Agriculture World

Know the Reason Behind Bt Brinjal’s Popularity in Bangladesh

Recently many media had reported about Haryana farmers growing Bt brinjal without any regulatory approval. Even though the original source of the genetic modification is not obvious, what few seem to realize is that the neighboring Bangladesh has already been cultivating Bt brinjal on a wide scale since its government approved its use in 2013.

Hence now it is important to understand what impacts Bt brinjal can have in the real world.

In general, Bt brinjal is very popular in Bangladesh. The number of farmers cultivating it has jumped from 20 in the year 2014 to 6,512 in 2017 & most recently to 27,012 last year (2018), covering approximately 17 percent of the country’s brinjal growers. In the last few years, almost a fifth of Bangladeshi brinjal growers have started growing ‘Bt brinjal’. Growers in all vegetable growing districts of the country now use Bt brinjal.

The main reason for this popularity is that Bt brinjal do well in the field in fighting the destructive impact of the main insect, the fruit & shoot borer. The Bt gene generates a protein that is poisonous to the borer pest but safe to other types of insects as well as humans. Therefore Bt brinjal fruits face less pest damage & their overall productivity is higher.

bt brinjal

Moreover, the crop has also been found to cut pesticide use, as intended. Previously, before Bt brinjal was introduced, growers in Bangladesh used to spray their brinjal crops around 84 times per season. Surveys show that at least half of all cultivators said they experienced some form of ill health as a result of their proximity to these poisonous substances.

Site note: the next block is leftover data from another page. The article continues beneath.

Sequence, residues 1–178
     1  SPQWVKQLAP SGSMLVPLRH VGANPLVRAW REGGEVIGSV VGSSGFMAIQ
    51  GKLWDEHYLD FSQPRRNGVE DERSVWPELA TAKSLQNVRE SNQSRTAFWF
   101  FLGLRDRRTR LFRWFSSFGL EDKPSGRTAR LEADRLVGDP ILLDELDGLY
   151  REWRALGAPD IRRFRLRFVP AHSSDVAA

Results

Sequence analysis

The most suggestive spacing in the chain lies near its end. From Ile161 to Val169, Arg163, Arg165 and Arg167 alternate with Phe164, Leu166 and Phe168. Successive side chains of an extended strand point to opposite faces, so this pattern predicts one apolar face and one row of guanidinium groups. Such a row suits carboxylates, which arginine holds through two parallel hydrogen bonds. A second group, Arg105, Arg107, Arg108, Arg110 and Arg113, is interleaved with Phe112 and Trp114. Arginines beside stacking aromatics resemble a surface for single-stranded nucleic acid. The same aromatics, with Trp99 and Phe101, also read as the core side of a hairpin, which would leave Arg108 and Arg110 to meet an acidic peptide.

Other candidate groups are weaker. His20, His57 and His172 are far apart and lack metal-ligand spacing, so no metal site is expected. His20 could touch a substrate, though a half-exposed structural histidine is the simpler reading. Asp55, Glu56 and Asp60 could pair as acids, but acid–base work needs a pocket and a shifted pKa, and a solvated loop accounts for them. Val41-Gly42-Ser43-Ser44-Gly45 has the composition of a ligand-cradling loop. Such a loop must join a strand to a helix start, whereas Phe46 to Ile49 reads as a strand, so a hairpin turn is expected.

Bt brinjal does not have need of spraying against the fruit & shoot borer pest, which means that farmers can reduce the amount of time & money spent on sprays. A study conducted by the Bangladesh On-Farm Research Division on 850 farmers growing brinjal in 35 districts of the country had found that their pesticide costs went down by 61%. The number of sprays also dropped from 41 times a season on average on non-Bt-brinjal to merely 11 times.

All this helps in improving farmers’ livelihoods considerably. The same study as above also established that the net returns per hectare were Rs. 1.5 lakh for Bt brinjal in place of Rs. 25,000, which means Bt brinjal growers were earning  6 times more than their non-Bt counterparts every year.

This has mainly been a public sector and philanthropic attempt. The original genetic engineering using Cry1Ac gene was carried out by the Maharashtra-based Seed Company, Mahyco. After that, the Bangladesh Agricultural Research Institute had introgressed the material into 9 different farmer-preferred varieties. This venture also involved Cornell University & was funded by US Agency for International Development.

The Department of Agricultural Extension circulated seeds and also sold them last year to almost 17,950 growers through the government-owned Bangladesh Agricultural Development Corporation. There are no royalties to be paid and farmers can save, distribute and trade the seeds freely amongst themselves.

But Bt brinjal in Bangladesh, as in India was drawn into the wider GMO argument. An organisation UBINIG that promotes organic farming and resists genetic engineering had claimed in Dhaka that some growers were discontinuing their commitment to Bt brinjal owing to poor performance.

The news has not been independently verified, but either way, at least the farmers in Bangladesh have an option - they can grow Bt brinjal if they want or continue with the conventional varieties. But farmers in India have been denied this choice since the indefinite moratorium imposed by the last government in 2010.



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